I had to do it. I had to see if my early season has been a case of home-course advantage. It was also the end of a rest week. It all made sense. Drive 6 hours to Macon GA for the Georgia State Championship Series opener, throw down for a couple of hours at the end of a rest week and see if the speed I've been displaying would follow me into hostile turf.
I wanted to ride for a couple of hours, so we left at 6AM Saturday and got to Arrowhead Park at noon, which wasn't bad considering that the entire province of Ontario was making the exodus north on I75 from their winter roosts in Florida. I started with an easy lap with Lauren and Fontana. Lauren was nursing a foot injury and only wanted to ride one lap, but with the temps in the 50s, Fontana was up for running all day, even keeping up when I was doing some race-pace openers.
"Will you quit futzing with that gadget so I can run?!?"
Sunday was near freezing in the morning, as predicted. It made the warm-up for the 9:30 start fun, with frozen fingers and toes. It was sunny and the wind had died down, so it felt pretty nice by start time. A lot of people really bundled up, but I opted for a base layer under my jersey, arm and knee warmers, and toe booties and thick gloves to keep my digits happy.
The start suited me well. It was nice and wide, immediately taking a sharp right turn up a steep hill, then right back down the hill and into the singletrack. It would give me plenty of time to ramp up the pace and hopefully hit the trail in good position.
I lined up on the far left with the thought of taking a sweeping turn up the hill, maintaining speed and staying out of the 24-man fray if things got silly. It was a good plan because things got silly. I started to see and hear bars locking and hit the hill off the left side of the gravel as riders piled up to my right. I was the last person in a 5-man group that broke free of the pack once we hit the singletrack. The first 2 riders peeled away and the 3rd rider was just ahead. I sat behind #4 and made my move near the end of the 1st lap. I maintained my spot through the 2nd lap, then at the start of the 3rd lap the singlespeeder that was just in front of me broke his chain on the start climb. I was now in 3rd. An uneventful 3rd lap led into the 4th and I was greeted by fellow Floridian Robert Bounds in the feed zone. Apparently he pulled a hamstring and it was bad enough that he pulled out while in the lead. Bummer, but that put me in 2nd. One rider left.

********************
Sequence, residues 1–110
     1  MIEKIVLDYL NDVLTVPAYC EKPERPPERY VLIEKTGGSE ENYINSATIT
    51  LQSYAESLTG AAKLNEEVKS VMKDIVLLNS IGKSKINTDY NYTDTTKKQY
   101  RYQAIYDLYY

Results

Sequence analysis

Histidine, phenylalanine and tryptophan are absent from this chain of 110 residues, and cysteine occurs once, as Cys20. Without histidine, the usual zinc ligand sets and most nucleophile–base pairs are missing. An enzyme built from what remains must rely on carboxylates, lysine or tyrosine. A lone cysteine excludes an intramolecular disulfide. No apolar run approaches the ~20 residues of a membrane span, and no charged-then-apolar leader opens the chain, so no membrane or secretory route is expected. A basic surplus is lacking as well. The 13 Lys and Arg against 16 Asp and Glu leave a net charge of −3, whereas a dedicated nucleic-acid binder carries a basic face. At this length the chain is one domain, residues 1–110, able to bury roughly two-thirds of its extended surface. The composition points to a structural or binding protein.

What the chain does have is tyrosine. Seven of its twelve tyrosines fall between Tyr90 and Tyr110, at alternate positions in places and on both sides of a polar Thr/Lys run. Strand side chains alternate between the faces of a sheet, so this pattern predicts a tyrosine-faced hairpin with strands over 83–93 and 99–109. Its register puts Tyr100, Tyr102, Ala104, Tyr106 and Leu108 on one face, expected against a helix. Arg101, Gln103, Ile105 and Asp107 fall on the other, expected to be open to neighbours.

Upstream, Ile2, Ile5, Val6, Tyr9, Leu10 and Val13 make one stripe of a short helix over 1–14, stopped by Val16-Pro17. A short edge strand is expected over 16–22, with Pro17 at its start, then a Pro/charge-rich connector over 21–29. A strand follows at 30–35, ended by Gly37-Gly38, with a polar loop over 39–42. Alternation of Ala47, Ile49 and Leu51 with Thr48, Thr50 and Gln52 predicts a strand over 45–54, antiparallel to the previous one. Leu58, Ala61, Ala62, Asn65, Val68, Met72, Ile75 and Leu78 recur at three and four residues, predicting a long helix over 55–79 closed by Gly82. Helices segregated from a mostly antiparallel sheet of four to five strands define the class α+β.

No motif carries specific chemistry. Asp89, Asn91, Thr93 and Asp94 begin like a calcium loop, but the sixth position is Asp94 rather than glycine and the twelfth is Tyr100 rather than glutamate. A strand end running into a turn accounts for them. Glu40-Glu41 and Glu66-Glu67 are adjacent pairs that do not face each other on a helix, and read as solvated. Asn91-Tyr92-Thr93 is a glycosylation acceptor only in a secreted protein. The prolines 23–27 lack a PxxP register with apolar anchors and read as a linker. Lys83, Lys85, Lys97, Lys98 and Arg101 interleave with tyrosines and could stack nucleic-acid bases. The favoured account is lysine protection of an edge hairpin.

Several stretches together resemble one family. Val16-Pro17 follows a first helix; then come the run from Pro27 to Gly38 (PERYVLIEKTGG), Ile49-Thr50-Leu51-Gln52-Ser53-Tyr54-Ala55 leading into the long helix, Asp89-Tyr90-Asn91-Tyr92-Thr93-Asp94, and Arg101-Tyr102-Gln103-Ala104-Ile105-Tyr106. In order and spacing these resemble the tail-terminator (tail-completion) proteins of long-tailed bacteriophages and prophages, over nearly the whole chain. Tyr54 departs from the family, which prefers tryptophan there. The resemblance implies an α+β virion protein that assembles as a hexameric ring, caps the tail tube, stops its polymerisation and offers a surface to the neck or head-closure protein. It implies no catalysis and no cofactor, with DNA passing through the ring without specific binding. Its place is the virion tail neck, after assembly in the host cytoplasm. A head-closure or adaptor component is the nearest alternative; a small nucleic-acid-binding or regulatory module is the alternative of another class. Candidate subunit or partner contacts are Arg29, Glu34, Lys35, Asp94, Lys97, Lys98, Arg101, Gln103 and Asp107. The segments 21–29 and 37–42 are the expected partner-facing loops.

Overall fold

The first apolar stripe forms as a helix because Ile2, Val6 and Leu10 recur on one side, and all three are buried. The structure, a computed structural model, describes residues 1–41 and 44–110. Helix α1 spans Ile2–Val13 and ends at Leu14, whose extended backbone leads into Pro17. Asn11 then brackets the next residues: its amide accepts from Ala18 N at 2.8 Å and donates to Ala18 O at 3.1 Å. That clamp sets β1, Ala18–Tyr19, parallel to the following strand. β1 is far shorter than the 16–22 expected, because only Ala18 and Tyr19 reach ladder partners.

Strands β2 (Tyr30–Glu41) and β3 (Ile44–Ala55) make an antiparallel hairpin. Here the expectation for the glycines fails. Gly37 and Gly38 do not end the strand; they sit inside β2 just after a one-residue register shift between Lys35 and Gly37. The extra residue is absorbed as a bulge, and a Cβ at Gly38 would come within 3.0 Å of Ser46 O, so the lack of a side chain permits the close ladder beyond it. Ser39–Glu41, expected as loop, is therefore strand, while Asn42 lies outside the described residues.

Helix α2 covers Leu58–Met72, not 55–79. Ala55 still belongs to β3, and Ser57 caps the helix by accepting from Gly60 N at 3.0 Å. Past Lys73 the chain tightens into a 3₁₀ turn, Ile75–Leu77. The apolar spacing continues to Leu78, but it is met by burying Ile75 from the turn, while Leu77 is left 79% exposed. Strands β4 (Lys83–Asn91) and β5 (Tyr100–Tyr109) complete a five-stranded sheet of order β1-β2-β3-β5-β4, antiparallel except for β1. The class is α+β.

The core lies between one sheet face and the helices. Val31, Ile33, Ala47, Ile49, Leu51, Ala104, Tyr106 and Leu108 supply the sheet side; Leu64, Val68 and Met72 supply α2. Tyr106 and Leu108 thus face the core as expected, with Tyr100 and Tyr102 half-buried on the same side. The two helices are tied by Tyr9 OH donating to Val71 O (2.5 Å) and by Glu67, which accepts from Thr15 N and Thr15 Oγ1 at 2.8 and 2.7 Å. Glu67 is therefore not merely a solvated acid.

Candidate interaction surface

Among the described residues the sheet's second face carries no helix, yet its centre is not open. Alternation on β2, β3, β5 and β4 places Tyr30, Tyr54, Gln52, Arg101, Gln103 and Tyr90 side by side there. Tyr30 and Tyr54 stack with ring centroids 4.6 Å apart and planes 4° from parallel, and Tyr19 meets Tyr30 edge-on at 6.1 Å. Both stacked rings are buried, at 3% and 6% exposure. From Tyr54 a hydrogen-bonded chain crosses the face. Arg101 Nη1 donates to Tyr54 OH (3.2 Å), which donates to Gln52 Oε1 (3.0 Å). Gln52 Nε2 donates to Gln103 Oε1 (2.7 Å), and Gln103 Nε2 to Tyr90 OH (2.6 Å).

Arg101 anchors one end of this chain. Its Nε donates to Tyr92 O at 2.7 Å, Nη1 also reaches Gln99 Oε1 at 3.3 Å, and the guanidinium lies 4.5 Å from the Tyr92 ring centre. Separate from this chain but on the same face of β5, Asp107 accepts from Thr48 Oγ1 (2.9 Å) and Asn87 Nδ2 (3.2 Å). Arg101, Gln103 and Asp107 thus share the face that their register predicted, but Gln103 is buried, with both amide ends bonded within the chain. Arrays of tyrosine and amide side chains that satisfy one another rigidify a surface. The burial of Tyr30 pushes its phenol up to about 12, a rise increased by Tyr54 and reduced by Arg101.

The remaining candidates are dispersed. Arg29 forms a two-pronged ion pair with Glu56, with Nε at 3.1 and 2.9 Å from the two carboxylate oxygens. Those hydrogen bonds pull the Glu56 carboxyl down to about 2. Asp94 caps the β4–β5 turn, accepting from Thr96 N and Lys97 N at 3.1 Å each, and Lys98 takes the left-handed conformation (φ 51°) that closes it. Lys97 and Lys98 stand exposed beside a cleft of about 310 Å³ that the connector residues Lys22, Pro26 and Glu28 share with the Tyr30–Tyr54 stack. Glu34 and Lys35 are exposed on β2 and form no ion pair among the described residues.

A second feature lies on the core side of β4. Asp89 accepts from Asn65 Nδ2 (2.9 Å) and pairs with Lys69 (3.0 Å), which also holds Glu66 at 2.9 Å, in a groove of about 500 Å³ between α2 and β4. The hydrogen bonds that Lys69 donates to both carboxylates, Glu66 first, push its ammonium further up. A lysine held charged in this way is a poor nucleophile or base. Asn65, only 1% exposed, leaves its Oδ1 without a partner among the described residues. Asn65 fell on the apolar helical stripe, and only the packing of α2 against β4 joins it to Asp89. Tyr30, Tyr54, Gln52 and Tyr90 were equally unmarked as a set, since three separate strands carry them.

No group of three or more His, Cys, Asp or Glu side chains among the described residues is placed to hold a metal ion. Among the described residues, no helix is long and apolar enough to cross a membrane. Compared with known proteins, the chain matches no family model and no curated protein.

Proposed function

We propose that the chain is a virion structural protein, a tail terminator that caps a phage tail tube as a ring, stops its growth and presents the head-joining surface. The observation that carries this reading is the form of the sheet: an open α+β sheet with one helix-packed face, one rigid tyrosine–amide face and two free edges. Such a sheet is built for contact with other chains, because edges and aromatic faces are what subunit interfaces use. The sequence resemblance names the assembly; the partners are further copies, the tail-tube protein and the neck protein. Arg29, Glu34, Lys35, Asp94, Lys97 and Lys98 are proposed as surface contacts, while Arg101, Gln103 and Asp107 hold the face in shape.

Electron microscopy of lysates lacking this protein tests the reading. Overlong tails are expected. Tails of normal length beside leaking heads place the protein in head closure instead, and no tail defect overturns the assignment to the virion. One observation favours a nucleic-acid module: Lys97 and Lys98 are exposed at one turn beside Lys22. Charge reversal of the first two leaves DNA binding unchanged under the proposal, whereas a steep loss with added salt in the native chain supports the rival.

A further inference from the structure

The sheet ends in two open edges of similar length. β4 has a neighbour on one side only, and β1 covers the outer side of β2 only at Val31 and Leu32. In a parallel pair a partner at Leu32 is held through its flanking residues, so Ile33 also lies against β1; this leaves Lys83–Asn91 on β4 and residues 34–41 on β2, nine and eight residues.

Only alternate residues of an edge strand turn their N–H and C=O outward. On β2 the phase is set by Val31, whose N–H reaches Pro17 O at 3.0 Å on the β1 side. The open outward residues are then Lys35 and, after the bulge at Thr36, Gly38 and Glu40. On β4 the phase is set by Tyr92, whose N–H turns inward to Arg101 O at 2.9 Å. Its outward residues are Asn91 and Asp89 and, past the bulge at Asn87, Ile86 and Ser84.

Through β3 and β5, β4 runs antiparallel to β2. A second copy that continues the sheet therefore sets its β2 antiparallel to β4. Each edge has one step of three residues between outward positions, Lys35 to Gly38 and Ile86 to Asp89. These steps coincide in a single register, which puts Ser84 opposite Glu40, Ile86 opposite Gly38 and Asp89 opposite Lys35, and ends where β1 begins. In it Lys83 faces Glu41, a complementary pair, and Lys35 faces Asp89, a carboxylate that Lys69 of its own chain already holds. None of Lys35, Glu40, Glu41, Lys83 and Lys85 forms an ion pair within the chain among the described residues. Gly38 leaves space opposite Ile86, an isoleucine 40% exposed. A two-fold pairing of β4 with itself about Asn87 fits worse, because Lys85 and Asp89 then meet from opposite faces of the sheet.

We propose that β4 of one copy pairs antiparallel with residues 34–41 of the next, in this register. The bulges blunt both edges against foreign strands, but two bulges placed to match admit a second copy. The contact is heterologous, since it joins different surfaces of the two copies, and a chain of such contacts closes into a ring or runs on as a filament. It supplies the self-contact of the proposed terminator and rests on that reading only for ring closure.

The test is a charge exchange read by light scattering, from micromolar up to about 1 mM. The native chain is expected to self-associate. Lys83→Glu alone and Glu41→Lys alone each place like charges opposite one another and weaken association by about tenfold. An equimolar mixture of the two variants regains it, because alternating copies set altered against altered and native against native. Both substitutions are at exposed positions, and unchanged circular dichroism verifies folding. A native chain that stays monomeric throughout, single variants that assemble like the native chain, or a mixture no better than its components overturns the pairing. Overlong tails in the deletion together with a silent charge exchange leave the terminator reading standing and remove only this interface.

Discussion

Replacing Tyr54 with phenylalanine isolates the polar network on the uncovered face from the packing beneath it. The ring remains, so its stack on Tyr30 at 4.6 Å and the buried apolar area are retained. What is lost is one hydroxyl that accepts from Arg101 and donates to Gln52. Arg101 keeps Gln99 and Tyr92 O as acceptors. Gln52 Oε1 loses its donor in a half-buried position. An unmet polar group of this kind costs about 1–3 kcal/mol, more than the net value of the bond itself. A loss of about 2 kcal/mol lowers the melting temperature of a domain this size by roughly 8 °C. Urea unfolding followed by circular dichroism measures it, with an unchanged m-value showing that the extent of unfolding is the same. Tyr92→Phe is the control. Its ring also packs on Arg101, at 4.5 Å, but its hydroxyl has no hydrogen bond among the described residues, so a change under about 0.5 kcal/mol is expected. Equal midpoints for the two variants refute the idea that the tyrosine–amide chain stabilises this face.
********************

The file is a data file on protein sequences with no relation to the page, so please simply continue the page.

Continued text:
Rolling through the feed zone to start the 5th and final lap, I asked Lauren if she new how far ahead he was. She didn't know, but as I went up the hairpin climb, he was coming down. 30 seconds. I started pushing harder up the climbs and keeping the pace higher on the flats and downhills. The climbs were starting to hurt, but I finally spotted him near the end of the lap. He saw me and started a series of small attacks, which I responded to and kept him in sight. There was a paved climb right before the final singletrack section that was going to be my only chance to make a move. He had other ideas, though. He hit that climb about 50' in front of me and dropped the hammer. I stood up to attack the climb, but my legs would have no part of it. The climbs were starting to hurt during that lap and it appeared I'd run out of turbo fuel.
I had victory in my hands and let it get away. I started second-guessing myself, wondering if I really gave it my all. When I saw this picture that Lauren snapped of me crossing the finish, I knew that I'd left it all out there. I looked like I was about to drop dead on the spot.
A trip out of state resulted in one of the best XC races I've put together. I think I'll do it one more time before enduro season kicks in, heading to the Knobscorcher at Tsali in a couple of weeks (as long as work doesn't get in the way). Maybe that'll be the one that gets me onto that top podium spot.